Treatment of Mirena (Hormonal Iud)
Pap Smear Procedure
Dilatation And Curettage (D C) Procedure
Proton Therapy Treatment
Preimplantation Genetic Diagnosis (Pgd)
Pregnant Women Counseling
Prenatal And Birth Care
Musculoskeletal Pain Management
Ovarian Ablation Procedure
Treatment Of Female Sexual Problems
Egg Donation Procedure
Treatment Of Menstrual Problems
Treatment Of Menopause Related Issues
Treatment of Polycystic Ovary Syndrome In Adolesce
Pre And Post Delivery Care
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Dr Priya Singh
I found the answers provided by the Dr. Sandhya Mishra to be very helpful. Thank u so much mam
Hi I am 25 years old girl and I am sexually active so last week around 27 and 28 Feb I had sex with no protection but afterwards I had an ipill but today I bleed little much initially I thought I might be in periods but now it has stopped so I am in doubt about what it is exactly. Are there chances of getting pregnant Thank you.
Indulged in sexual activity on 4th Feb 2017 and in which there was no penetration, my boyfriend touched my vagina for few seconds and safety purpose I took ipill in 72 hours n I had some bleeding on 12th February 2017 for 4 days and my period date was 16 February 2017 and last period date was 16/1/2017 .I took pregnancy test on 23 February afternoon which was negative and again on 25th February afternoon which was also negative on 3rd March also which is negative. When will I get my period and what does it all means? Should I need to do more pregnancy test? What should I do? Any medicine or treatment for regulating period?
Generally identified as a rare and uncommon phenomenon, vaginal cancer most often occurs in the cells present in the outer lining of the vagina, also called the birth canal. Although primary vaginal cancer is rare and unusual, there are various other types of vaginal cancer that originate elsewhere in the body, but have spread over to your vagina.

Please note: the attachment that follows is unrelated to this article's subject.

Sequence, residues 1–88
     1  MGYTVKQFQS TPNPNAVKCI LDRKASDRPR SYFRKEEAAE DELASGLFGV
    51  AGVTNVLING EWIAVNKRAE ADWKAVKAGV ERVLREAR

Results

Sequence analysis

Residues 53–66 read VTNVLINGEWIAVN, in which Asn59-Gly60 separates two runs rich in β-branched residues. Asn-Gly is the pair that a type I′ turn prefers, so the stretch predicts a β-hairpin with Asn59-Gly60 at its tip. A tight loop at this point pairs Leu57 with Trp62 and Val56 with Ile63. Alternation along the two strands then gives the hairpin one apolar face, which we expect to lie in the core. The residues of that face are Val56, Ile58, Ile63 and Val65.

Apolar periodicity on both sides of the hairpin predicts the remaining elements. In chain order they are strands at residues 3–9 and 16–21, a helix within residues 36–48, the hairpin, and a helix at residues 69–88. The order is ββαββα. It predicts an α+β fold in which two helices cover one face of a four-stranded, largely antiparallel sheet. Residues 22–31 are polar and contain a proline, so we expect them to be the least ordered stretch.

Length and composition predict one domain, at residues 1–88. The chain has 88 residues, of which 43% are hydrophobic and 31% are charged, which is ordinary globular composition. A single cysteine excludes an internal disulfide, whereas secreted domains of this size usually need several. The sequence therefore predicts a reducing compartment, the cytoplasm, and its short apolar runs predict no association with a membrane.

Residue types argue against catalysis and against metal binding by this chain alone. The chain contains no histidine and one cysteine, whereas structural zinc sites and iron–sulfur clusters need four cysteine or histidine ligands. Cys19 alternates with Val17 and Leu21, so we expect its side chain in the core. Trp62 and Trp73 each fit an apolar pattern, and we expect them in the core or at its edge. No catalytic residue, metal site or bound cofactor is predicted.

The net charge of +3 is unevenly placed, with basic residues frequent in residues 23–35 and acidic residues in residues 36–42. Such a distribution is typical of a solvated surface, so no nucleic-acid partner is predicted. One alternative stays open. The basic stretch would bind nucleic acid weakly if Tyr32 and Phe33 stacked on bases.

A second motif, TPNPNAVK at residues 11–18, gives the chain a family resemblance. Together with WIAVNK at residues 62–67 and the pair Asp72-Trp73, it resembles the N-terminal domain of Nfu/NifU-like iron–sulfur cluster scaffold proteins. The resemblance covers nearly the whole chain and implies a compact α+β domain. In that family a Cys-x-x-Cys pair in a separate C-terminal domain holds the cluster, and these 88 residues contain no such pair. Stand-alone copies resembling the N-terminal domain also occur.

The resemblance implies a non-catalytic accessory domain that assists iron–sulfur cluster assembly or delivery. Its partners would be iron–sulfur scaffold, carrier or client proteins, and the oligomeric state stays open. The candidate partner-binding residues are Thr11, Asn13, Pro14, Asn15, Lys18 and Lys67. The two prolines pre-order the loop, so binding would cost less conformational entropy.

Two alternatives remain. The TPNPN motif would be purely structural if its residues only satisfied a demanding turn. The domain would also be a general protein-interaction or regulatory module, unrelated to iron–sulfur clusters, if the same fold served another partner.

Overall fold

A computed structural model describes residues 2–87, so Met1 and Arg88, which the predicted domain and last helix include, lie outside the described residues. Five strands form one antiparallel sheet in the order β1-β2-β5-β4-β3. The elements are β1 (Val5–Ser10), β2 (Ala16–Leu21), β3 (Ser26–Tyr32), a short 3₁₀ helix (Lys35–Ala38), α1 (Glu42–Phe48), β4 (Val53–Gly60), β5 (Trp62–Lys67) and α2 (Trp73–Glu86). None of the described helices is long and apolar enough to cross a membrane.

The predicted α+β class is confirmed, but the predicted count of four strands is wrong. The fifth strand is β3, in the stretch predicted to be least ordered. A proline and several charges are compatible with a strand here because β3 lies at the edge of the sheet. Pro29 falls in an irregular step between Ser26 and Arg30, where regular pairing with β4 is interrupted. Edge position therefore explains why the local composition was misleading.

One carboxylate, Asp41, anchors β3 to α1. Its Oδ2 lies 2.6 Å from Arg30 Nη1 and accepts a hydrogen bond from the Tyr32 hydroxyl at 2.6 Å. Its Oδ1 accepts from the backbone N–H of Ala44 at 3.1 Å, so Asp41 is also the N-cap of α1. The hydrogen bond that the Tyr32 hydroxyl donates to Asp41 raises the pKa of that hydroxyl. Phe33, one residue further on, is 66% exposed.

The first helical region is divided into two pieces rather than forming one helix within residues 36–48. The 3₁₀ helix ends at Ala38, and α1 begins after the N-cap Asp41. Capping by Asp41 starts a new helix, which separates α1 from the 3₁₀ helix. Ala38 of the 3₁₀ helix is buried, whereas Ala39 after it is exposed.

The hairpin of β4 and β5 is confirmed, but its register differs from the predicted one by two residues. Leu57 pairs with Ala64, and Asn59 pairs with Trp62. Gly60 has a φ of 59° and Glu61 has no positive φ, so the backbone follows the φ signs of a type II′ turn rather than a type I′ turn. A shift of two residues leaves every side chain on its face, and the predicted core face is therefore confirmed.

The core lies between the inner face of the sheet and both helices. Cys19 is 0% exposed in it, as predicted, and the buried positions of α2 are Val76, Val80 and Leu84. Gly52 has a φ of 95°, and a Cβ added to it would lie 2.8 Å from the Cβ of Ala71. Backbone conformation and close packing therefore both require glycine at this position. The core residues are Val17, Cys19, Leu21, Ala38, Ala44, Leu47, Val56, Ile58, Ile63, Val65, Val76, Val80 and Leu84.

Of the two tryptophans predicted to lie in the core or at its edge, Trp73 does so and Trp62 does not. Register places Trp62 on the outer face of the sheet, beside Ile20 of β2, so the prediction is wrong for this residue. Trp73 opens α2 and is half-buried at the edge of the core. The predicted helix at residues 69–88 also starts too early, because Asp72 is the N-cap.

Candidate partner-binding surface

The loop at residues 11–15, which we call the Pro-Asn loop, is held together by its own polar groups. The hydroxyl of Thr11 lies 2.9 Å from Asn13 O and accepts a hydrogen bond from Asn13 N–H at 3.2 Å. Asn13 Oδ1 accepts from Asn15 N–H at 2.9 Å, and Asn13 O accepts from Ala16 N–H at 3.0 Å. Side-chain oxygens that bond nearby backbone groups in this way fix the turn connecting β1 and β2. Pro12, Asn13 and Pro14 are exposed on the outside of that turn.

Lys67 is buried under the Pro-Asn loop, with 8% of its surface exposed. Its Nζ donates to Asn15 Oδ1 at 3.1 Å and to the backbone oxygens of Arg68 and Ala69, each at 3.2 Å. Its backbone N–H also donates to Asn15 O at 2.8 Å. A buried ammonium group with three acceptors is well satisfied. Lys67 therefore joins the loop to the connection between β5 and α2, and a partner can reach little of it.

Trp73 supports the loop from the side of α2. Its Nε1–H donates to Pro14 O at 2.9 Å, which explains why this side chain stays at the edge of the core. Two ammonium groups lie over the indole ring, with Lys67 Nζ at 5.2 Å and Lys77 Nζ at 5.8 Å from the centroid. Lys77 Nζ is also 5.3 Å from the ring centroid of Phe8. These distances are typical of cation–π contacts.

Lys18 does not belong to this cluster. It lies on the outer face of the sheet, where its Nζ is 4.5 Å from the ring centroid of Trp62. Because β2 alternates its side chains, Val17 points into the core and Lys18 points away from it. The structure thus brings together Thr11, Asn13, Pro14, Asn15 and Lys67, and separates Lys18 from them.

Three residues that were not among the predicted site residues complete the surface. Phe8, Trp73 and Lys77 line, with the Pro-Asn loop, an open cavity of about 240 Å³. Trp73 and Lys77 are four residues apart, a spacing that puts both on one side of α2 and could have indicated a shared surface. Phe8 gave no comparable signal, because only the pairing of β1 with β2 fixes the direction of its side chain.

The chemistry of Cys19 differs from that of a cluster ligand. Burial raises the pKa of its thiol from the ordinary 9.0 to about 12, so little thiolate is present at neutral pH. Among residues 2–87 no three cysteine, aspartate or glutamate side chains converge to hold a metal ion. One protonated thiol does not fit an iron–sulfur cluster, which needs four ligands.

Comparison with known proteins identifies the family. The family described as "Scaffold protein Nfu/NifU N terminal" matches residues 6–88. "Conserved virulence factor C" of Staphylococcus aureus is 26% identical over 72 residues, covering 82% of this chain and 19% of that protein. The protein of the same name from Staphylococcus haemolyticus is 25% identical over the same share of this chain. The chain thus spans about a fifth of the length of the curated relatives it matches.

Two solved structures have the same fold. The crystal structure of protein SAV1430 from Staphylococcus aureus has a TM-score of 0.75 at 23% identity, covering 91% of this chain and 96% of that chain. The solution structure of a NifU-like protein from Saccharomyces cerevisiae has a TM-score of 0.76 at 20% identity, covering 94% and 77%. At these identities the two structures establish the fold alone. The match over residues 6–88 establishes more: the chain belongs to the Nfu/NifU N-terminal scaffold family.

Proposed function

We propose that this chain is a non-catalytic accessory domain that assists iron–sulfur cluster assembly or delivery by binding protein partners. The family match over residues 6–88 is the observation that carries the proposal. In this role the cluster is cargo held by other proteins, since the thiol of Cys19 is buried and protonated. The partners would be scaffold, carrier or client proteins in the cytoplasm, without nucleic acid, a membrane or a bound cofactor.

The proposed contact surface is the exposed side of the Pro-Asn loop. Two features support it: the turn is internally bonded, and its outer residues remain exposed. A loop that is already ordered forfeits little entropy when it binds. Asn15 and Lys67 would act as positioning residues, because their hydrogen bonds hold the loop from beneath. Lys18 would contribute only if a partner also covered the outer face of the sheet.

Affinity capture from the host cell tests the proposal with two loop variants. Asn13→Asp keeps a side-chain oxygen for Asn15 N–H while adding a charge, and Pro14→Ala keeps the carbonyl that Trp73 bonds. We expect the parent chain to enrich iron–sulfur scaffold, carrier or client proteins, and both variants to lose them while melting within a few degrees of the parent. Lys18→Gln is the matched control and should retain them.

Depending upon the nature of origin, vaginal cancer can be divided into the following types:
- Vaginal adenocarcinoma, beginning in the glandular cells on the surface of your vagina
- Vaginal sarcoma, developing in the connective tissue cells and multiple cells lining the walls of your vagina
- Vaginal squamous cell carcinoma, originates in the squamous cells lining the surface of the bacteria
- Vaginal melanoma, developing in melanocytes, the pigment producing cells in your vagina
Symptoms: As vaginal cancer progresses from one stage to the next, you may experience any one of the following signs and symptoms:
- Diluted, watery vaginal discharge
- Painful urination
- Odd cases vaginal bleeding, for instance, after menopause or after intercourse
- Formation of lumps in your vagina
- Frequent and regular urination
- Pelvic pain
Causes: Normally, cancer develops when healthy cells undergo genetic mutations, subsequently leading to the uncontrollable growth of abnormal cells. Cancer cells are known to break off from pre-existing tumors and can easily spread everywhere, in what is referred to as metastasize.
Beyond the natural process of development, here are a few factors, which may further contribute to the growth of cancerous cells:
- Increasing age
- Vaginal intraepithelial neoplasia
- Exposure to miscarriage prevention drugs
If you wish to discuss about any specific problem, you can consult an oncologist.